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New Assessment Rates Donors on Quality of Aid

October 22, 2010

by Jeremiah Norris – Senior Fellow,  Hudson Institute

On October 5, the Center for Global Development (CGD) and the Brookings Institution jointly launched the Quality of ODA (QuODA) Assessment, a comprehensive index that evaluates each donor country or agency on four dimensions of aid quality. It compares the aid quality of 31 donor countries and multilateral agencies, as well as 152 individual development agencies.

Quality of Aid Diamond from the Center for Global Development

Quality of Aid Diamond from the Center for Global Development

The four dimensions of aid quality measure how donors maximize efficiency by spending aid in countries where it has the most potential to help; foster institutions in recipient countries by coordinating aid with their priorities and budgets; reduce the administrative burden that aid often places on recipients; and support transparency and learning by sharing useful data on aid spending. Within these four dimensions, there are 30 indicators, e.g., low administrative unit costs in maximizing efficiency, as one such indicator.

Key findings on this first Assessment include:

  • The U.S. does poorly in comparison to other donor countries and agencies, ranking 24th or below (out of 31) on each of the four dimensions. But some individual U. S. agencies, including the Millennium Challenge Corporation, score above average marks.
  • The World Bank’s concessional leading arm, the International Development Association (IDA) is the only multilateral agency and only large donor to score in the top 10 for each of the four dimensions.
  • Among bilateral donors, only Ireland scores in the top 10 for each of the four dimensions.
  • Overall, multilateral agencies such as the World Bank and The Global Fund to Fight AIDS, TB and Malaria fair better than country donors on all four dimensions, except for Transparency and Learning.
  • The size of a donor’s aid program does not significantly affect the aid quality scores. Among large donors, the European Commission, the UK and IDA score relatively well, while Japan and the U.S. perform relatively poorly.

CGD and Brookings indicate, “there is a broad international consensus about what constitutes high-quality aid, but without measurement, a lot of that is just hot air.  There’s lots of room for improvement. We hope that the QuODA rankings will spur donor countries and aid agencies to do a better job.”  Since this is a purpose of the QuODA rankings, it is worth a brief analysis of what it does not measure.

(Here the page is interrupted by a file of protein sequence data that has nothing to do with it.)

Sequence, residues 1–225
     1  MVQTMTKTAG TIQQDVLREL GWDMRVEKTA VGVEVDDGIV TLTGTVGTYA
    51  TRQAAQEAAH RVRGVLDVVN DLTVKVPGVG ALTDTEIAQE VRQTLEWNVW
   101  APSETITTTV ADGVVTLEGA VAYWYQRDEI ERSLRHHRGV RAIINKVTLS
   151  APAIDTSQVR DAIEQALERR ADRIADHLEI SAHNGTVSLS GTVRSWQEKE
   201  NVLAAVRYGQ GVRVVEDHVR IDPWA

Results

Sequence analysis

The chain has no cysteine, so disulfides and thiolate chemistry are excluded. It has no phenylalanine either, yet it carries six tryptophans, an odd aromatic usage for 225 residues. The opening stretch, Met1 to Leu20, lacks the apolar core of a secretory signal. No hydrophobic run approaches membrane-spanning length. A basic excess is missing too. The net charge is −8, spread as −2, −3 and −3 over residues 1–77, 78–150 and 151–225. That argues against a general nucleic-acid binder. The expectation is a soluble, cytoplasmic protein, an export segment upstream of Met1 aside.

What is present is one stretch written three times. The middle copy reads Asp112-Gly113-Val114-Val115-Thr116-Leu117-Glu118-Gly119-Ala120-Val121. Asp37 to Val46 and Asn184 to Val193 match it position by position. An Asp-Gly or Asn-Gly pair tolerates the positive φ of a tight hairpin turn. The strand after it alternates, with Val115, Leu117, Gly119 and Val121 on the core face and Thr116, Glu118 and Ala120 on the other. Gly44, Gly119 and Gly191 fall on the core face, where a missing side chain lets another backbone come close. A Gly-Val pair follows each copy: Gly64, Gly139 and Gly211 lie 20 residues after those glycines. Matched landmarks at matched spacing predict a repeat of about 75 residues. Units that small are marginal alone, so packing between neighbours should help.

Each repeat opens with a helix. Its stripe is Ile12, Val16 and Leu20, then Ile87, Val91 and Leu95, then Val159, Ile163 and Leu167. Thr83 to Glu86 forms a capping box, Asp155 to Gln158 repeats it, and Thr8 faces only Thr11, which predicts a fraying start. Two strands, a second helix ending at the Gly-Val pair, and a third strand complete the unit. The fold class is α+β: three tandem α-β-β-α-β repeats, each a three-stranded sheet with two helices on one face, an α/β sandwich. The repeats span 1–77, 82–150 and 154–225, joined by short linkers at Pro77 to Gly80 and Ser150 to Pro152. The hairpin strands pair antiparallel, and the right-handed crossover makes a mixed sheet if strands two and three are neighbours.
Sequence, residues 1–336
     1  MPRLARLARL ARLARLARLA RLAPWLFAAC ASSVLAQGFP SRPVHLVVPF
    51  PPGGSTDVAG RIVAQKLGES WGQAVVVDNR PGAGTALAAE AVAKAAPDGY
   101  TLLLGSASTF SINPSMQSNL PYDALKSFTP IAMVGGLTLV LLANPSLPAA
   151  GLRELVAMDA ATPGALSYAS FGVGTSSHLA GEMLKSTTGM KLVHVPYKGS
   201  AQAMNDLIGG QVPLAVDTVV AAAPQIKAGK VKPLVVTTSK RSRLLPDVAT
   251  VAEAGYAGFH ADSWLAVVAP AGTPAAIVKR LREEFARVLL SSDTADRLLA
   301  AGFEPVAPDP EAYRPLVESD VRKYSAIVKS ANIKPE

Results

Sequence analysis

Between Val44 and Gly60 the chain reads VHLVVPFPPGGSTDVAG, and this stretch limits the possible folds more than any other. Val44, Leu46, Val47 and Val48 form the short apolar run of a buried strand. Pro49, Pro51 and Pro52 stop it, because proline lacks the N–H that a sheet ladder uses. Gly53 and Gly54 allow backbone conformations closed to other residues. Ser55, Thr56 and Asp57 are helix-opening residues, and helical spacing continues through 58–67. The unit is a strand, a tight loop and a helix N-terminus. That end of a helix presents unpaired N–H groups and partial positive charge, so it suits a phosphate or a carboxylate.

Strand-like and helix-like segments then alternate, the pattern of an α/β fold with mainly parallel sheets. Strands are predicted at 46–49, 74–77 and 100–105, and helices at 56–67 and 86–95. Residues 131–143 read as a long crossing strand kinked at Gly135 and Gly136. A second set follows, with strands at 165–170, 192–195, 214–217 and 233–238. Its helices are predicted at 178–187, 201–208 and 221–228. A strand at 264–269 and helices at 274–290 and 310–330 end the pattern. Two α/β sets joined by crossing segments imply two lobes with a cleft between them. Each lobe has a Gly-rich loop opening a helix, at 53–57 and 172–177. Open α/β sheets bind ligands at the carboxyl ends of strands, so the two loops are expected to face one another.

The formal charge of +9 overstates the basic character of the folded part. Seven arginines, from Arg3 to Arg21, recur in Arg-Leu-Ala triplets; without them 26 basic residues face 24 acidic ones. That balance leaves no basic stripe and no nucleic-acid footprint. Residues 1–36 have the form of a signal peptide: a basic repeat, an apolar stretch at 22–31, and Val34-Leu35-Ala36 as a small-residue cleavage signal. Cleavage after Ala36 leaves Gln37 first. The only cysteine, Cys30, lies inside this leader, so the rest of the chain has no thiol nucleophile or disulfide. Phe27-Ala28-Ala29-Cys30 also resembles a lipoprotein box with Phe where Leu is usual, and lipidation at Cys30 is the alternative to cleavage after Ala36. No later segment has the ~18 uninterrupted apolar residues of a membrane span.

1. First and foremost, it does not measure outcomes. The problem with government foreign aid since its inception is that it has focused on inputs, but not outputs and outcomes. How can quality of aid be considered without first knowing if it delivered a good or service or changed a life in some way? Whether aid is “coordinated” or “transparent” is inside baseball for government workers and contractors to spend money on meetings and reports. All these process indicators continue to cloud the conversation on why government aid is not focusing on what works and what doesn’t in their programs.
  2. It does not measure private aid in contrast to ODA. During the period 2004 – 2008, Hudson Institute’s Index on Global Philanthropy & Remittances cataloged ODA against non-governmental aid to the developing world from the U. S.  The five year total was $119.4 billion for ODA, and $729.4 billion for non-governmental aid.  In 2004, the percentage of ODA vs. non-governmental aid was 20%, falling to 14% in 2008.
  3. ODA mainly goes into a country’s public sector. The QuODA assumes that the four dimensions of quality only occur there, rather than also in their private sectors. For instance, even in the poorest countries, the private health sectors account for the largest share of national expenditures. In Nigeria, it is 81%; 66% in Bangladesh; 78% in Cambodia; 77% in Cameroon; 81% in Indonesia; 85% in India; and 83% in Kenya.
  4. The Global Fund to Fight HIV/AIDS ranks higher in all four dimensions than does the U.S.   However, the Fund permits the procurement of drugs that are not approved by any regulatory authority. By definition, these are substandard products and one of the leading causes of drug resistance as an outcome. The U.S. only procures drugs that have been approved by a stringent regulatory authority, greatly lessening the onset of drug resistance.  Secondly, the Fund does not follow the UN’s Universal Declaration on Human Rights and its provision for Informed Consent when providing AIDS patients with un-regulated drugs.

In the introduction to the QuODA text, it is stated that “the true test of aid effectiveness is improvements in people’s lives”.  How can improvements be measured if we don’t consider the ‘outcomes’ of aid? At this early stage of its development, the QuODA is of limited value; it measures a declining portion of the total resource flows that go into the developing world.  And its metrics are designed to capture only ODA that largely goes into a country’s public sector, when in many of the larger countries, in sectors such as health, the vast majority of national expenditures are in the private sector.

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